Get better – 21 percent
Get worse – 53 percent
Stay about the same – 24 percent
Don’t know/refused – 2 percent

(All adult (North Carolina resident) sample surveyed Jan. 28 – Feb. 3, 2017, n = 405 and margin of sampling error approximately = +/- 4.9 percent)

 

All adults – Party relations in Raleigh (January/February 2017)

Do you think relations between Republicans and Democrats in Raleigh will get better this year, get worse, or stay the same as they are now?

Get better – 21 percent
Get worse – 37 percent
Stay about the same – 37 percent
Don’t know/refused – 5 percent

(All adult (North Carolina resident) sample surveyed Jan. 28 – Feb. 3, 2017, n = 405 and margin of sampling error approximately = +/- 4.9 percent)

 

All adults – Unity of American people after 2016 elections (January/February 2017)

Now, thinking about the American people as a whole after the 2016 elections, do you think that people in the U.S. are more united, more divided, or not much different than usual?

More united – 8 percent
More divided – 75 percent
Not much different than usual – 16 percent
Don’t know/refused – 1 percent

(All adult (North Carolina resident) sample surveyed Jan. 28 – Feb. 3, 2017, n = 405 and margin of sampling error approximately = +/- 4.9 percent)

 

All adults – Unity of North Carolinians after 2016 elections (January/February 2017)

Now, thinking about the people of North Carolina as a whole after the 2016 elections, do you think that people in North Carolina are more united, more divided, or not much different than usual?

More united – 10 percent
More divided – 44 percent
Not much different than usual – 45 percent
Don’t know/refused – 1 percent

(All adult (North Carolina resident) sample surveyed Jan. 28 – Feb. 3, 2017, n = 405 and margin of sampling error approximately = +/- 4.9 percent)

 

The most recent HPU Poll was fielded by live interviewers at the High Point University Survey Research Center calling on Jan. 28 – Feb. 3, 2017. The responses from a sample of all North Carolina counties came from 405 adults with landline or cellular telephones. The registered voter subsample relied on responses from the participants about their own registration status and yielded a total of 373 respondents. The Survey Research Center contracted with Survey Sampling International to acquire this sample. The survey has an estimated margin of sampling error of approximately 4.9 percentage points for all adult respondents and an approximate margin of sampling error of 5.1 percent for the self-described registered voters. The data is weighted toward population estimates for cellular and landline telephone use, age, gender, race, and party identification. In addition to sampling error, factors such as question wording and other methodological choices in conducting survey research can introduce additional error into the findings of opinion polls. Details from this survey are available at www.highpoint.edu/src/files/2017/02/50memoB.pdf.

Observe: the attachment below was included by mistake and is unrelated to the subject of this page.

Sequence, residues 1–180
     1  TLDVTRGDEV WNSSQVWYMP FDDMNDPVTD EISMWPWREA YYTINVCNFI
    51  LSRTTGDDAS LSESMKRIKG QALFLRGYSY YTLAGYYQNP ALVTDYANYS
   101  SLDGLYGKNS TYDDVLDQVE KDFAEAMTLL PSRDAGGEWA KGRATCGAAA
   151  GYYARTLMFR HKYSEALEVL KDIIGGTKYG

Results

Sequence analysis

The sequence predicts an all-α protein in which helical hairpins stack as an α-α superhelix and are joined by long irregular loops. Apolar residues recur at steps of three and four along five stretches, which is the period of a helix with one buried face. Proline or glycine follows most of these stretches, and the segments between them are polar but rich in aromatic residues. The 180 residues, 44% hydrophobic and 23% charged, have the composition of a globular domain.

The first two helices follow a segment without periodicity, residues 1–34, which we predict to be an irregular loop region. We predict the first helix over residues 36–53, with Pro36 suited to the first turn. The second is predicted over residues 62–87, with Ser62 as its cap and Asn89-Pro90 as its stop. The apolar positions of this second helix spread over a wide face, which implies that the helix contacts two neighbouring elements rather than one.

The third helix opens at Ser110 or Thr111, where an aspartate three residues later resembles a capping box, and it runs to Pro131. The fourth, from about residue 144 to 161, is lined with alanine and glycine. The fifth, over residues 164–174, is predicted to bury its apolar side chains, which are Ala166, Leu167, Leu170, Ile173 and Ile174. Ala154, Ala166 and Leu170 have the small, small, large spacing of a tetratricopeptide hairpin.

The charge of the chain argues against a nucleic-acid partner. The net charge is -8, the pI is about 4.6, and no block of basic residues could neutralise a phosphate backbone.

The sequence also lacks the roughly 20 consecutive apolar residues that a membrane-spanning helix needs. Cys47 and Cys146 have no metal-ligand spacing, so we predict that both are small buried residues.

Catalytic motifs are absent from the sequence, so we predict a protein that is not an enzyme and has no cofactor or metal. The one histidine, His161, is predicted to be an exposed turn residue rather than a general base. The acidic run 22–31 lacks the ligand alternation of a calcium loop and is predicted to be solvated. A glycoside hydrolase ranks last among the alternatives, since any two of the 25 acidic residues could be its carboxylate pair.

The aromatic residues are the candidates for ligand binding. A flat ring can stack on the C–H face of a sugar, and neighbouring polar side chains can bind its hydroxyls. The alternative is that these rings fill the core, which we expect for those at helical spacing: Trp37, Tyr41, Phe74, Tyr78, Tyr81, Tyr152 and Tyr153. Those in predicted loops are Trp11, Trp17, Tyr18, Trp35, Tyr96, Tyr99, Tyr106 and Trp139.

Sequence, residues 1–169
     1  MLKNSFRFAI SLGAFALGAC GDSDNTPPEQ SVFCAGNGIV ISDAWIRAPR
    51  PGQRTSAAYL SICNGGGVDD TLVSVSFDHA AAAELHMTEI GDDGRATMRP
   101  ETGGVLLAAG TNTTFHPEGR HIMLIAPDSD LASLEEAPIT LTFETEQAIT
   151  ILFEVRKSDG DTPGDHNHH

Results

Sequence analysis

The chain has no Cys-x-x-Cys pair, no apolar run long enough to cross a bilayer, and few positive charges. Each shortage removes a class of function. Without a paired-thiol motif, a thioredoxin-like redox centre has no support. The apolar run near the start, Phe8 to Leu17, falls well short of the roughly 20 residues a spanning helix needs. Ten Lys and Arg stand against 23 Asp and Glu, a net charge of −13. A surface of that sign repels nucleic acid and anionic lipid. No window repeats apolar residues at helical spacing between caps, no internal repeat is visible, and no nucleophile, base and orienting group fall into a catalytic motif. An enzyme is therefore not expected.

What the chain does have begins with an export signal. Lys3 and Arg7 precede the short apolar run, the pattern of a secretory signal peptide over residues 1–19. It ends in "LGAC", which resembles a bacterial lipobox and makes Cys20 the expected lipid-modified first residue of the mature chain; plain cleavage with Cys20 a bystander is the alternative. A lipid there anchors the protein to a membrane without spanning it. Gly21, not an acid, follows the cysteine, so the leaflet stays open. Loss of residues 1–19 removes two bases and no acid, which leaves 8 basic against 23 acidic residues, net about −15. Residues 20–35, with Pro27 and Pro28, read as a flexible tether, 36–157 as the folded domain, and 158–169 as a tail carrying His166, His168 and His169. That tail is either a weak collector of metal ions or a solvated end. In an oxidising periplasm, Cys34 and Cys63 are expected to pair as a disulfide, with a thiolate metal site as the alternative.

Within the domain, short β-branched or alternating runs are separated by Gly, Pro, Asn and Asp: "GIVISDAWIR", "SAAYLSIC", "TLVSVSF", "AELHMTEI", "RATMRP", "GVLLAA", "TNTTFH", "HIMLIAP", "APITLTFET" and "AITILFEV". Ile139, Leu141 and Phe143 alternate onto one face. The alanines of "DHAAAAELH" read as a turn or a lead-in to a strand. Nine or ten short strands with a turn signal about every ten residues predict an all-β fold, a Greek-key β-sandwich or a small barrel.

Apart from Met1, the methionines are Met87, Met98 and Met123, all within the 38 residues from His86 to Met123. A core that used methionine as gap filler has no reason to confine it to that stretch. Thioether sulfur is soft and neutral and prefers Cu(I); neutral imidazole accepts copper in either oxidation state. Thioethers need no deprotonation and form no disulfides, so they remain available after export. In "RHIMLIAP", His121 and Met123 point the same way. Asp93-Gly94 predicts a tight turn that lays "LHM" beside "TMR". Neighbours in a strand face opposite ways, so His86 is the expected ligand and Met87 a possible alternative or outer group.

Further results and methodological details from the most recent survey and past studies can be found at the Survey Research Center website at www.highpoint.edu/src. The materials online include past press releases as well as memos summarizing the findings (including approval ratings) for each poll since 2010.

The HPU Poll reports methodological details in accordance with the standards set out by AAPOR’s Transparency Initiative, and the HPU Survey Research Center is a Charter Member of the Initiative. For more information, see transparency.aapor.org/index.php/transparency.

You can follow the HPU Poll on Twitter at twitter.com/HPUSurveyCenter.

Dr. Martin Kifer, associate professor of political science, serves as the director of the HPU Poll, and Brian McDonald serves as the associate director of the HPU Poll.